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Voyage to Kure: Expedition Diaries

<< Expedition Diaries | About the Islands

Day 9: In the Swing of Things

Matt Ferraro
Matt Ferraro. Photo credit: Tom Ordway

What's good

The little warm breakfast sandwiches we get from Ronda, our chef, when you are a part of the team that departs early in the morning for a day of filming.

What's bad

The smell coming from the forward bilge from the rotting vegetables. The missing bag of cabbage has now been found.

- Matt Ferraro, Expedition Team, Marine Operations


Rapture Reef

Date: 7/15/03
Location: N23°38.9' W166°11.3'
Weather: Partly cloudy with light afternoon showers
Sea Conditions: Wind chop 2 feet

Day 9 proves an exciting day for both land and sea teams. On Tern Island, a Hawaiian monk seal that had gone missing from Trig Island the previous day is found and relocated to its mother. Out at Rapture Reef, the sea team tests the closed-circuit rebreather system for the first time. Testing the equipment is a time-consuming process, but important for safety, and the team is rewarded straight away on their next dive, as the bubble-free divers are fantastic for filming, both because the bubbles don't get in the way of the camera and because they don't spook the fish. Yves is able to film a masked angelfish at quite close range. Incredibly rare and valued at $7,000 in aquarium trade, this kind of fish has no close relatives and is thought to have been in the Hawaiian Islands for a very long time.

Matt Ferraro, Expedition Team, Marine Operations:

Quote of the day

With all the technology and knowledge we have, we are still in awe after each and every dive.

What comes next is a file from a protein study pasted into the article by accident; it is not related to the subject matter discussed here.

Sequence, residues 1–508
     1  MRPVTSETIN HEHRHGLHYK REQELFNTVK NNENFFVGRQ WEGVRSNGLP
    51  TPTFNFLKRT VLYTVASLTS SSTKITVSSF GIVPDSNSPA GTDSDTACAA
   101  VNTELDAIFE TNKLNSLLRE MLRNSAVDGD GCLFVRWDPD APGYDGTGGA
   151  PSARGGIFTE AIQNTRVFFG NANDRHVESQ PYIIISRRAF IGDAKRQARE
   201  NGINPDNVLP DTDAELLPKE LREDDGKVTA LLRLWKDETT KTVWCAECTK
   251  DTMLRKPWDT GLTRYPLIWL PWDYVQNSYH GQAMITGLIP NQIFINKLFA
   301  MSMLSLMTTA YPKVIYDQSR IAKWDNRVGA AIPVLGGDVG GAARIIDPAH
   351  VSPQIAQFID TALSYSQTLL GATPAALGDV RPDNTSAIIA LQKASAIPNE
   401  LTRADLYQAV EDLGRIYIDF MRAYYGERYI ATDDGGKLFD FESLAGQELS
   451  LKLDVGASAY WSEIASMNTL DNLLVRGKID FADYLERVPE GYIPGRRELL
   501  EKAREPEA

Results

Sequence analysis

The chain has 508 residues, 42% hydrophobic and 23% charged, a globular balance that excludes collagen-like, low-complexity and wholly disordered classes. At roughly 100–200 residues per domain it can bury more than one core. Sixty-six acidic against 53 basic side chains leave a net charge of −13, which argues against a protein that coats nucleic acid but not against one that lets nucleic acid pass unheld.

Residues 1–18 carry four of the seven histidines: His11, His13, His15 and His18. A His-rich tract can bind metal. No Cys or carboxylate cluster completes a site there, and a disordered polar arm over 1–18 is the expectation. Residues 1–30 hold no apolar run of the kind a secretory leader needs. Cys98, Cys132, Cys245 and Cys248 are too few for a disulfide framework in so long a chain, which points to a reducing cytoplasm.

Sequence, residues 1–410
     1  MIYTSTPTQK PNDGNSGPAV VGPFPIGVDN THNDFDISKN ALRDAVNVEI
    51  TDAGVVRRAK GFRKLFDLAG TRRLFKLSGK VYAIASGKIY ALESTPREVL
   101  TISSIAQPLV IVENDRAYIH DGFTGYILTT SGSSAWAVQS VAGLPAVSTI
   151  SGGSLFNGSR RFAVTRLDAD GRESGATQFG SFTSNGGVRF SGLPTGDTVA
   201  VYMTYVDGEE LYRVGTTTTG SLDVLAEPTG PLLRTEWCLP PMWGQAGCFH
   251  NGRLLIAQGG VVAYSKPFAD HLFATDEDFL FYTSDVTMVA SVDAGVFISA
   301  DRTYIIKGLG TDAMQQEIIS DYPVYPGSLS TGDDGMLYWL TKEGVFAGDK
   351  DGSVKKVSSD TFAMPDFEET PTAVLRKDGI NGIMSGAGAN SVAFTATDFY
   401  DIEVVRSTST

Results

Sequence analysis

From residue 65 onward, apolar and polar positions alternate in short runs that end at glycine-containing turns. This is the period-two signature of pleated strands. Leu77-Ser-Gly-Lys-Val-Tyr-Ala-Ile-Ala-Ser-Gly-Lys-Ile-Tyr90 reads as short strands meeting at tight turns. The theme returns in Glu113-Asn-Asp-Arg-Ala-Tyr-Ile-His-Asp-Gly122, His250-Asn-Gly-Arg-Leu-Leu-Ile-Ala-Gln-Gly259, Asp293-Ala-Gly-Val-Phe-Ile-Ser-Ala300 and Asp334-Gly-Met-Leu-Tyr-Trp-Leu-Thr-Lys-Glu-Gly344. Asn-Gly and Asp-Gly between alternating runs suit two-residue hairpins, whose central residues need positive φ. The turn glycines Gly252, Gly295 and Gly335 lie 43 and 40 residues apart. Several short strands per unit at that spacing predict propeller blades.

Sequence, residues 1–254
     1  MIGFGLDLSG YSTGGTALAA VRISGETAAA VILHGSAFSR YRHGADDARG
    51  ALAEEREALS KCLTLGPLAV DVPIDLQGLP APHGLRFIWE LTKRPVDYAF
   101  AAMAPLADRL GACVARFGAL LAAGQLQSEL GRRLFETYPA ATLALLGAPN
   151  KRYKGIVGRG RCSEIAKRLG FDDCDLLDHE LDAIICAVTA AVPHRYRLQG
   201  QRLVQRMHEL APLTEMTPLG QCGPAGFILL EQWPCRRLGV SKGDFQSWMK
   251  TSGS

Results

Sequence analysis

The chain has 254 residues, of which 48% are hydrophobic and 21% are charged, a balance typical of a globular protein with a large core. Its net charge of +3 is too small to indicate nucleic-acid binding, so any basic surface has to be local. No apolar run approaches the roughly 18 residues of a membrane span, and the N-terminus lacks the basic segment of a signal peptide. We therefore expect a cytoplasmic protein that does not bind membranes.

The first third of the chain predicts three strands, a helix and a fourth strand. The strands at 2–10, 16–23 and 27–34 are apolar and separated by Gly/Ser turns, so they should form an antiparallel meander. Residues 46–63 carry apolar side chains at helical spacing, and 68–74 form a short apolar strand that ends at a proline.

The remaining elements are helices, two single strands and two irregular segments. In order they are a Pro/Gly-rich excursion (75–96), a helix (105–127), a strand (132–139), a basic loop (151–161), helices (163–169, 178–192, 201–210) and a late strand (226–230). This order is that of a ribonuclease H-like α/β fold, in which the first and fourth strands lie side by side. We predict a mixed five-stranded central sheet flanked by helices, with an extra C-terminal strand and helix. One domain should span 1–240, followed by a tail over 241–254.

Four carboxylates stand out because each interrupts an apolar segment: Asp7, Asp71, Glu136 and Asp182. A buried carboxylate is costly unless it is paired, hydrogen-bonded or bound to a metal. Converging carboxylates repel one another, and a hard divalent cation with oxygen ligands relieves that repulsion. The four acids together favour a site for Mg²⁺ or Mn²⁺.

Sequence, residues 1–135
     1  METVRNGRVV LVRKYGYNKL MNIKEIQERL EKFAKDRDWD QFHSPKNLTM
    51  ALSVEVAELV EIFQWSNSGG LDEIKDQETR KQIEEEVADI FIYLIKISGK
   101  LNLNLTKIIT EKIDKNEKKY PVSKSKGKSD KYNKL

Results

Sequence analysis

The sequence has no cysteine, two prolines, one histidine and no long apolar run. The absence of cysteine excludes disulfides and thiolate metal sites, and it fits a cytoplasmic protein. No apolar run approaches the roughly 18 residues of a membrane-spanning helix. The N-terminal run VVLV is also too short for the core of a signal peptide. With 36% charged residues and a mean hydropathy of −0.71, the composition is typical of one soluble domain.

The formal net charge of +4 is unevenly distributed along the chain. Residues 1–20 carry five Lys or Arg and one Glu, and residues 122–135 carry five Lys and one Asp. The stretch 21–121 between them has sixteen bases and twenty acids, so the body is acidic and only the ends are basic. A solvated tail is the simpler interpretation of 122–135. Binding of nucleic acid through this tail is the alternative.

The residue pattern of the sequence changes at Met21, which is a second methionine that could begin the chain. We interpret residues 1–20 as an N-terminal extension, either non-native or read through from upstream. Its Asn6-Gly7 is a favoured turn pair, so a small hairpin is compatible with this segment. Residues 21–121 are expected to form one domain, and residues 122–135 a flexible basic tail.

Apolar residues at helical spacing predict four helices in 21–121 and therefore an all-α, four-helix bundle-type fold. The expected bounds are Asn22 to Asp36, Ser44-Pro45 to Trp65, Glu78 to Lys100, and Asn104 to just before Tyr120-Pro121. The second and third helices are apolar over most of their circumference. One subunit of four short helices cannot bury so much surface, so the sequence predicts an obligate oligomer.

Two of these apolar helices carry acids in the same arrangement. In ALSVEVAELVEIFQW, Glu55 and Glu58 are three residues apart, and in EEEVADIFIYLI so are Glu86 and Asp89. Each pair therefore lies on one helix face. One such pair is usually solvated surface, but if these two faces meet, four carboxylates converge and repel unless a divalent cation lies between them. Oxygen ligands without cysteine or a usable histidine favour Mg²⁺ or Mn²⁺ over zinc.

What's good

The little warm breakfast sandwiches we get from Ronda, our chef, when you are a part of the team that departs early in the morning for a day of filming.

What's bad

The smell coming from the forward bilge from the rotting vegetables. The missing bag of cabbage has now been found.

What's fun

Sitting mid-water while tending cable and watching the divers' bubbles go all the way to the surface in crystal clear visibility. This is some of the clearest water I have ever dived, and I am overwhelmed by the amazing visibility.

What's a bummer

Transferring gear between the zodiacs and the Manacat or the Searcher. The cuts and bruises all over my legs are testament to a hard day's work in the field.

Life aboard the Searcher

A typical day for the team is an early start with many things that have to be prepared for different teams heading out for the day. The zodiacs have to be checked for fuel and the pontoons topped off with air. The batteries have to be charged for both the cameras and the underwater lights. Tanks have to be filled and analyzed to confirm the mixture of Nitrox. It is amazing to me how much time we have to spend troubleshooting and fixing problems that continuously come up, and our evenings are devoted just to that. There are many rewards associated with this type of work, and one of my favorites comes from the moments when we get to see the fruit of our labor by watching the tapes of our day's work.

Rest and relaxation activities

NONE. The only time I have had a chance to relax so far was one enjoyable evening on Tern Island where we met the island staff, made new friends, and shared great stories of expedition life and fieldwork.

Fun stuff (if this is even possible!)

Is it possible??? YES ... really everything we are doing is fun ... we are all working hard and very long days, but it is the whole experience, from the months of preparation back at the office, to the realities of being able to see the birds soar over our boat out in the middle of nowhere. Every day I'm finding every new experience fun. I started researching for this expedition over 13 months ago for our producers, and it is fun to finally be here, in the waters of the NWHI. I have been dreaming of this moment for all these months. The pictures that I have had in my mind are now replaced by vivid images that are better than I had ever imagined.